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What Nvidia and Tesla reveal about stocks – maybe it’s time to be dull, boring and predictable.

Nvidia and Telsa trade on hopes and expectations, FOMO and huge PE multiples. They are very different investment propositions but reflect the bubble market. Maybe it’s time to revert to dull, boring, predictable returns in fixed income secured by real assets?

Blain’s Morning Porridge Aug 25 2023: What Nvidia and Tesla reveal about stocks – maybe it’s time to be dull, boring and predictable.

Moths can’t really help themselves but be drawn to the flickering flame. They are almost as daft as stock analysts

Nvidia and Telsa trade on hopes and expectations, FOMO and huge PE multiples. They are very different investment propositions but reflect the bubble market. Maybe it’s time to revert to dull, boring, predictable returns in fixed income secured by real assets?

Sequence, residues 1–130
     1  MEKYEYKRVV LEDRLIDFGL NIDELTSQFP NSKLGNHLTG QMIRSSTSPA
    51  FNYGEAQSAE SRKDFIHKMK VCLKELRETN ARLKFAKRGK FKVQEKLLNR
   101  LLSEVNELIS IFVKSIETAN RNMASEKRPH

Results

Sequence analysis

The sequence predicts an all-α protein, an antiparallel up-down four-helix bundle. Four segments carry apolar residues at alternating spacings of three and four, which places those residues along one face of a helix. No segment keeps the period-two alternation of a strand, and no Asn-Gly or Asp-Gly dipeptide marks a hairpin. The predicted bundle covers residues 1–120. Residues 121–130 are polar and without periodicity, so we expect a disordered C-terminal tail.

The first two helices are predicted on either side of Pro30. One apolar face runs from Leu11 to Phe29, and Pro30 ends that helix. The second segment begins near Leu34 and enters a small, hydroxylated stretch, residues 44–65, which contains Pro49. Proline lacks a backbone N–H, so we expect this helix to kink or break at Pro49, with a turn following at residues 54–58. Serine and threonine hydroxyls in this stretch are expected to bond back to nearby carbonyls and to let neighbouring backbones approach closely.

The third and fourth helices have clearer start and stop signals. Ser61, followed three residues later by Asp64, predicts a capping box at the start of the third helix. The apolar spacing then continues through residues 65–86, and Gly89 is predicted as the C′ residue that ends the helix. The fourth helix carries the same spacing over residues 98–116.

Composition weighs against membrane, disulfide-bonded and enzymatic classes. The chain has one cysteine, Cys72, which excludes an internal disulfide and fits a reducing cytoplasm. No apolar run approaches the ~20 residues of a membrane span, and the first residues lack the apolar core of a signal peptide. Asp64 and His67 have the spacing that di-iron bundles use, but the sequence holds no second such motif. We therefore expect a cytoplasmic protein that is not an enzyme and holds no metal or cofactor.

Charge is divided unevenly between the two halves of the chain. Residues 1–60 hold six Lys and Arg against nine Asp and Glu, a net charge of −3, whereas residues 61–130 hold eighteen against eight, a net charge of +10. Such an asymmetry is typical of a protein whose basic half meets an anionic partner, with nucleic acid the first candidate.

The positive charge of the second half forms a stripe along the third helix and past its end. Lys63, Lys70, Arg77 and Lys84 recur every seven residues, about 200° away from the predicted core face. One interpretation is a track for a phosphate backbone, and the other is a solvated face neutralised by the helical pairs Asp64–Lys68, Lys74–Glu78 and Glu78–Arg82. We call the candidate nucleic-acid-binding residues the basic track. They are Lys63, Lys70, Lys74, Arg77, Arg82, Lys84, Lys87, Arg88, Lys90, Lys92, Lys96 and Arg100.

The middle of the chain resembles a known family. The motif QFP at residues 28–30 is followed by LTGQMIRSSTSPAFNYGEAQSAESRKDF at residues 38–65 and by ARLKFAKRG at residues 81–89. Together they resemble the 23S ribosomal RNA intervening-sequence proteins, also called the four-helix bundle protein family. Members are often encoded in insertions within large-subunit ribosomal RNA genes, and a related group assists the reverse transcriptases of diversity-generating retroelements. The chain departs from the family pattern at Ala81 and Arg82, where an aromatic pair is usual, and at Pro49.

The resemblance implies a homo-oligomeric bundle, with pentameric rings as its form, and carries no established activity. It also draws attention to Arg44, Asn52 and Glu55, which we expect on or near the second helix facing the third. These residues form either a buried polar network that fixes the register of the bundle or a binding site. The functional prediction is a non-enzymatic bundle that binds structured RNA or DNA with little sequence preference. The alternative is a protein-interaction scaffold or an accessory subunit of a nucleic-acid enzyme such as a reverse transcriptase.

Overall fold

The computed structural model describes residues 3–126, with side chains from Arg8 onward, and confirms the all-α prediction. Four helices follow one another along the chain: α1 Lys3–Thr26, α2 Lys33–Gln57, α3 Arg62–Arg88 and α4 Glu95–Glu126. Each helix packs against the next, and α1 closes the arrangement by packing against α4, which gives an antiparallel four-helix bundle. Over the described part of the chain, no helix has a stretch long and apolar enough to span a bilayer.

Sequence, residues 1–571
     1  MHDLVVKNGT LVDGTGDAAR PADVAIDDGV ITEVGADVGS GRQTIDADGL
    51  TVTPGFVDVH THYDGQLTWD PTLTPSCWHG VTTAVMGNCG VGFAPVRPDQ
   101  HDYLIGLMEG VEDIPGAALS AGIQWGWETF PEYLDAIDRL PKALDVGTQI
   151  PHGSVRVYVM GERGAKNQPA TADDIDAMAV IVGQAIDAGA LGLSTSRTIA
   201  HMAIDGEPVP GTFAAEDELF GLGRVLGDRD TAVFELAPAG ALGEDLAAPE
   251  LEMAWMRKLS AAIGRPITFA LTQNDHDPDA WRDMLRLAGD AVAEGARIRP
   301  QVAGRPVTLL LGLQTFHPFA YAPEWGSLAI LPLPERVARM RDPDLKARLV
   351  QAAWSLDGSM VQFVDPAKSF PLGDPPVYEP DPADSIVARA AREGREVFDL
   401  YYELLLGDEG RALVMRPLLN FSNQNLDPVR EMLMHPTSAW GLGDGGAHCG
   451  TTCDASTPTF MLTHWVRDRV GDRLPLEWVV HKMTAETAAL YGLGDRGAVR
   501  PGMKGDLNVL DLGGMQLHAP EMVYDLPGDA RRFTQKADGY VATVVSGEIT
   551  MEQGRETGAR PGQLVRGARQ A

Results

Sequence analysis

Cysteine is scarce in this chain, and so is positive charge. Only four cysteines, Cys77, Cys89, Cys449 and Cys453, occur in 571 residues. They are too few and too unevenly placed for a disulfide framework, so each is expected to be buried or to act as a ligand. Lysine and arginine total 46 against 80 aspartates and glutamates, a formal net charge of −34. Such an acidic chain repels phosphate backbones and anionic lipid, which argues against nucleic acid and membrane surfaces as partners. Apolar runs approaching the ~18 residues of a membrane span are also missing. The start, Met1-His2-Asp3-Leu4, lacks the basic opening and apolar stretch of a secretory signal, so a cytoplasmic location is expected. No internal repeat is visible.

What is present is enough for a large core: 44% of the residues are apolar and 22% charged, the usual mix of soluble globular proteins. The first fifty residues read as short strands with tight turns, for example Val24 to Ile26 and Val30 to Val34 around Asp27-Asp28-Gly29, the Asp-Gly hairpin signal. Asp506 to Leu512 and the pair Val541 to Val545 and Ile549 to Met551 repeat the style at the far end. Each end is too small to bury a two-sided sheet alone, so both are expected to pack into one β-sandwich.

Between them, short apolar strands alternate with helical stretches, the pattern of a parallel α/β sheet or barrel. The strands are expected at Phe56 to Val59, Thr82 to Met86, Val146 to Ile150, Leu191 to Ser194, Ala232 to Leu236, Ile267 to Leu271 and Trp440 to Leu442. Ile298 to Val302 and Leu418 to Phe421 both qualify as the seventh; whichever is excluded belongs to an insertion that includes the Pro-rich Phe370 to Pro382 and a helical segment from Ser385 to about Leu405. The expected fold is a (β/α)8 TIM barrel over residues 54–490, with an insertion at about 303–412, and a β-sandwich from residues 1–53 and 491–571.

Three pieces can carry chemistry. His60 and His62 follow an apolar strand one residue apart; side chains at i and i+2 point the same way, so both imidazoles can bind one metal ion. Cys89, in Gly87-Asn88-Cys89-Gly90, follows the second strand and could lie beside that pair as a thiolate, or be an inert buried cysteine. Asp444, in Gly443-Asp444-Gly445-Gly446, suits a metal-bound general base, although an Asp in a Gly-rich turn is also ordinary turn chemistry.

This morning’s porridge is late because midway through penning it I looked out the window at a surprisingly blue, blue sky, and the sun glinting of the tide on the river. I decided to go for a swim. Sorry, but readers can wait just a little bit longer. Who knows what may happen tomorrow, so seize the day and the opportunities as they occur.

Telsa trades on a P/E of 65. Nvidia on a P/E of 245. Which one would you buy?

Yesterday’s market was largely about Nvidia. The stock rallied 9% after its spectacular numbers and outlook on Wednesday – apparently crushing the market shorts – but ended up pretty much flat after everyone realised good news is never just good. Maybe folk are beginning to worry about the multiple other sides of the story.

Nvidia’s up/down day is a good example of how convoluted market psychology can be – good news must be great, except when it becomes a sell-the-fact moment. Even though Nvidia beat expectations y’day, everyone pumping the strength of the AI market bubble was looking to sell on a high because beating expectations consistently in the future may not be so easy in the future. (Which is why everyone over the age of 45 thinks about Cisco whenever they see a Nvidia stock chart….) One of my colleagues made the “sell the fact”call on Nvidia early doors y’day. Nice.